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  10. Ugh...I would choose the good story without a moment's hesitation which makes me feel a tiny little bit like a Philistine. And if I say good story I mostly mean intriguing, fascinating and loveable characters, because for me characters are really the most important thing about books: if I love them I love the book too and if I don't care about them I won't care about the book either.
    Anyway, I've got an excuse for not sophisticatedly choosing good writing above something as profane as the story. Since English is not my mother tongue, I usually don't notice a bad writing style as much as you probably do. At least I think so.

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  11. Story trumps all. You might be James Joyce but I'll never know because if you can't suck me in to the narrative I'm going to question why I'm reading it... then stop reading it.

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  12. I privilege plot, definitely. By far the best is when a book has a wonderful plot and great writing -- like The Book Thief or The Secret History -- but if I have to choose one or the other, I'd rather have the plot. An awesome plot can make up for not awesome writing, but amazing writing and very little plot doesn't turn my cranks at all.

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  13. Story wins. But, you know I get all excited when story and phenomenal writing come together, like . . . Simon's writing. LOL Had to throw Simon in there, didn't I?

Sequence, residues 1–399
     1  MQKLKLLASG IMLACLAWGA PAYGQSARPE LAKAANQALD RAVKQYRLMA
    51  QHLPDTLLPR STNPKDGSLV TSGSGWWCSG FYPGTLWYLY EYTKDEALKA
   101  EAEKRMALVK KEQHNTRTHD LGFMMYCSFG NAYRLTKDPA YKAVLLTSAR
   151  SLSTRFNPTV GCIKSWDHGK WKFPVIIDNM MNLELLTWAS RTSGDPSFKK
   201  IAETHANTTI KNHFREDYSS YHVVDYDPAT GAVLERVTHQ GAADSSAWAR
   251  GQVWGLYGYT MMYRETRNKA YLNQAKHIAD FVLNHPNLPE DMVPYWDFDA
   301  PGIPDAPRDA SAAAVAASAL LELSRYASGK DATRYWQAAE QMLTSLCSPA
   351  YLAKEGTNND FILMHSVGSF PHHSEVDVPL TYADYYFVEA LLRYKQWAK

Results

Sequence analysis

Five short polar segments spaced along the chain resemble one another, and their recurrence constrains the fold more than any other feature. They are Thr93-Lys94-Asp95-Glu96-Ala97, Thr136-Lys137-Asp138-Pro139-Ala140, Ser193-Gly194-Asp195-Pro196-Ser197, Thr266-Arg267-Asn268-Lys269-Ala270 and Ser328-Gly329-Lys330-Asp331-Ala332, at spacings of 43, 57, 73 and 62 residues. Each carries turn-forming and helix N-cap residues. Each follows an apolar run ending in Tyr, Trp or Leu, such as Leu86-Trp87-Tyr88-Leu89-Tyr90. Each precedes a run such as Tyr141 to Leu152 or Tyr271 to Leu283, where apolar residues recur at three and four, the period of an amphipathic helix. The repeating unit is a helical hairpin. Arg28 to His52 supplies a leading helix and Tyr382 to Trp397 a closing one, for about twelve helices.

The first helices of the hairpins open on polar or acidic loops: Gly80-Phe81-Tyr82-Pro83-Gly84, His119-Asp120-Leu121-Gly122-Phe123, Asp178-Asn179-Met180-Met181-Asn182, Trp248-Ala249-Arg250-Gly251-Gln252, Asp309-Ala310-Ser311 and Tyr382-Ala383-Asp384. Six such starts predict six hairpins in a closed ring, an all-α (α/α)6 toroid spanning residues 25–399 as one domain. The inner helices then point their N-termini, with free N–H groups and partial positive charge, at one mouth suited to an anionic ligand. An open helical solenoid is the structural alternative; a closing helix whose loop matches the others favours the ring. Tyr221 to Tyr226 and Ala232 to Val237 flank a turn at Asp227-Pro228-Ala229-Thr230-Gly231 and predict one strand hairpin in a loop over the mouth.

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  14. I love a compelling story that ensnares me, but that also has characters that I can relate to in some way. Sometimes I just love plain weirdness, and at other times, I need books that make me laugh or cry. I don't think there is one answer to this question for me, as my tastes and reading varies so much. It's interesting to think about though!

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  15. I think the two are intertwined. If I had to choose, I do tend to be more of a writing person than story person. Some of my favorite books are those that are just so wonderfully written I feel compelled to read them aloud to people. I think I'm pretty generous in my definition of good writing, though (allow me to pat myself on the back for a minute . . .). I mean, I love "lighter" stuff, too, as long as it's decently written. (Limited grammar errors, great dialogue, interesting characters, etc.)

    Interesting post, Andi! You've definitely got me thinking :)

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  16. I lean towards good writing, but not because I think it's more literary. It's just that weak writing distracts me so even if a story is good I won't enjoy it. I think well-developed characters and realistic dialogue are the two things that make or break a book for me, and then comes story. Interesting question!